A central concept in synthetic biology is the construction of reusable, well-characterized modules. Modularity simplifies circuit design by allowing engineers to decouple systems into separate modules and construct and test modules individually. Instead of designing genetic circuits from scratch with each project, complex regulatory networks can be quickly assembled from a library of functional devices. Characterization of external module behavior, such as with input/output signal response curves, provides a useful abstraction that does not require a biological engineer to know about internal device workings.

Modularity is an existing and essential concept in engineering fields such as electrical engineering and computer architecture, and this abstraction can be applied to synthetic biology. However, current devices constructed in synthetic biology may not actually exhibit modular behavior. Modularity fails when individual device behavior depends on the behavior of other connected components. In particular, device characteristics may change upon different interconnections, a phenomenon called retroactivity.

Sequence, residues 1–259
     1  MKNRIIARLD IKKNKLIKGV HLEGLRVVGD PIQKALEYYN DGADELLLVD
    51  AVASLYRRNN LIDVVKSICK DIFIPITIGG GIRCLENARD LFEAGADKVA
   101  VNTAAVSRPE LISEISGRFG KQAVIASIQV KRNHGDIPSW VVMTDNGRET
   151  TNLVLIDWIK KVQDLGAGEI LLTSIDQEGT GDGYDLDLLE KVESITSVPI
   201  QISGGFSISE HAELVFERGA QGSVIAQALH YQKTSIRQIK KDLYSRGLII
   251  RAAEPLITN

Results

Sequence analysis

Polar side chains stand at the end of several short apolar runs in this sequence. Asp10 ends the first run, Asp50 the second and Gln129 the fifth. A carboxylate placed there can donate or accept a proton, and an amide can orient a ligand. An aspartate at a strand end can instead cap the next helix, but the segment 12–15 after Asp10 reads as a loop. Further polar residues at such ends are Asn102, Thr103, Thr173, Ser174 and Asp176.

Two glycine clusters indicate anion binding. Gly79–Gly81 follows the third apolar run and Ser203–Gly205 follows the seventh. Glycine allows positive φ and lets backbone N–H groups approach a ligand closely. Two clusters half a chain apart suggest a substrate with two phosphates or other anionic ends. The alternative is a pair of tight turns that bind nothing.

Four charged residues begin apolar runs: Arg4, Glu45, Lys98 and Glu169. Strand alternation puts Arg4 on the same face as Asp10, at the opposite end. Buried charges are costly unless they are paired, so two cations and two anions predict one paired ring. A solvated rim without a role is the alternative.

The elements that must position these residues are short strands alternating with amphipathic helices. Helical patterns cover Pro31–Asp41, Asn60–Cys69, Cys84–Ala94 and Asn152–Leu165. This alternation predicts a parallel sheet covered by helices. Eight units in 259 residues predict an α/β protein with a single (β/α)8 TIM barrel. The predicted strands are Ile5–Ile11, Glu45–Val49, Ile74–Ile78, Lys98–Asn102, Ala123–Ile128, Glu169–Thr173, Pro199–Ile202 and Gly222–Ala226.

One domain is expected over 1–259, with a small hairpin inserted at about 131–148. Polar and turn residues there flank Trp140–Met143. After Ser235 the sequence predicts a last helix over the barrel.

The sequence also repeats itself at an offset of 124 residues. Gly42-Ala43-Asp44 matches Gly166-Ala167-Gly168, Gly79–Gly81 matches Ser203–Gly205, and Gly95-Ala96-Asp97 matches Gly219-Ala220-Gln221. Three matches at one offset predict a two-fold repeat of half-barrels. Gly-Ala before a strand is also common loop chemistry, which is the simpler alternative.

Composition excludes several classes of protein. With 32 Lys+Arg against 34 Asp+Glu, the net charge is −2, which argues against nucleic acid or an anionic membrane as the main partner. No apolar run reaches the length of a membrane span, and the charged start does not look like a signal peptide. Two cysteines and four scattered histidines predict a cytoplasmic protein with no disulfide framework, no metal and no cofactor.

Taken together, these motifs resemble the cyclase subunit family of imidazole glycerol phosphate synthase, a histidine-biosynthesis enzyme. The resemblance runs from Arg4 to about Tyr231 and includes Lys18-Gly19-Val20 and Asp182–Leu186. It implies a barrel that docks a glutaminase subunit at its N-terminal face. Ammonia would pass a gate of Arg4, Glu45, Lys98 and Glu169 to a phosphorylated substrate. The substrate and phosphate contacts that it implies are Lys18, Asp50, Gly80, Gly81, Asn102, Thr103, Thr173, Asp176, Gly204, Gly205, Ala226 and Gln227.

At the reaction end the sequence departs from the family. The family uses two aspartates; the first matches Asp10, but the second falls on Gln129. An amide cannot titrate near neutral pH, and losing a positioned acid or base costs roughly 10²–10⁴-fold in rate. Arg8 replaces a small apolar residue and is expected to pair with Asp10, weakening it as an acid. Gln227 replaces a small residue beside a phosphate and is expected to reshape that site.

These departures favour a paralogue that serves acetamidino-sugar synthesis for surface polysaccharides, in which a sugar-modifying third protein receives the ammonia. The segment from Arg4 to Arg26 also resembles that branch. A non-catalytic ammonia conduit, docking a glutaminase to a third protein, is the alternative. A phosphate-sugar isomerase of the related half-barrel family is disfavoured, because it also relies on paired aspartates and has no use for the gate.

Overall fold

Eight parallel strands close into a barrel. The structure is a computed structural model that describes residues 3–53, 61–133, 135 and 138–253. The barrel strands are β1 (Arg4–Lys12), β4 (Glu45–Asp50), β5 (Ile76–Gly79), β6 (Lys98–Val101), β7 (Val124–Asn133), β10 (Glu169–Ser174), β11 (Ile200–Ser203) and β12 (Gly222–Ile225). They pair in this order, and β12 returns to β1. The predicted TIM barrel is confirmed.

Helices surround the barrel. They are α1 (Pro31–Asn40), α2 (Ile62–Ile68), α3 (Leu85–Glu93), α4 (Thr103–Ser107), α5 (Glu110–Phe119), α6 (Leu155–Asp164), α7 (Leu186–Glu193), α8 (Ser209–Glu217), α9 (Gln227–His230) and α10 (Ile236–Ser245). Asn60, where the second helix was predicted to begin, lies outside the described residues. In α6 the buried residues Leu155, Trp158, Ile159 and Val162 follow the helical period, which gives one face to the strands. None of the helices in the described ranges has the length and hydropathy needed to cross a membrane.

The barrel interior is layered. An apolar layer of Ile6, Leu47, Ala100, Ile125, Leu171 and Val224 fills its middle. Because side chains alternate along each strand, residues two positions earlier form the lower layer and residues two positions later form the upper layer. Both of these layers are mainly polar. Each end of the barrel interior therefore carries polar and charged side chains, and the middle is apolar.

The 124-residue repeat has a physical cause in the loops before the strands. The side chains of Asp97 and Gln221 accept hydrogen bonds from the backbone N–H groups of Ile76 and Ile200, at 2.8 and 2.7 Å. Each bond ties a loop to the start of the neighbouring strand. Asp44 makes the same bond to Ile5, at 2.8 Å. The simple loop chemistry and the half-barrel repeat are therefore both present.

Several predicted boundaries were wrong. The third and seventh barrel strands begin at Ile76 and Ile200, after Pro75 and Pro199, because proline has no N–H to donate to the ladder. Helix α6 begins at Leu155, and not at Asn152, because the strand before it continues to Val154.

Retroactivity is undesirable in biological engineering, as it decreases the reliability and predictability of device behavior in different circuit settings. Every time a new component is added to a system, new connections are made which can affect input/output characteristics of all of the devices in the system. Therefore, iterative redesign of the network might be necessary to accommodate each new change, which is time-consuming and inefficient. Ideally, modules should function similarly whether tested individually or placed into larger systems. This project seeks to experimentally verify that retroactivity affects connections between modules in vivo.

People: Deepak Mishra